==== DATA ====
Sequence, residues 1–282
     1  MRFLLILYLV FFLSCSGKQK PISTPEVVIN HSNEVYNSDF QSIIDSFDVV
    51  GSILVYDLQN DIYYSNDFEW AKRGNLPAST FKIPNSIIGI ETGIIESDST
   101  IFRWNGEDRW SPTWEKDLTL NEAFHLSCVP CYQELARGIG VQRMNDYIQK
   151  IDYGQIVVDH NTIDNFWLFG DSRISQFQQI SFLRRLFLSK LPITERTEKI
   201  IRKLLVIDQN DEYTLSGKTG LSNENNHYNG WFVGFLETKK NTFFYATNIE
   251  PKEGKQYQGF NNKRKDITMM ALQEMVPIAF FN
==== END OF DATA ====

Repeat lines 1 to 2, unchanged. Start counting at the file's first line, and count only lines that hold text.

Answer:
Sequence, residues 1–282
     1  MRFLLILYLV FFLSCSGKQK PISTPEVVIN HSNEVYNSDF QSIIDSFDVV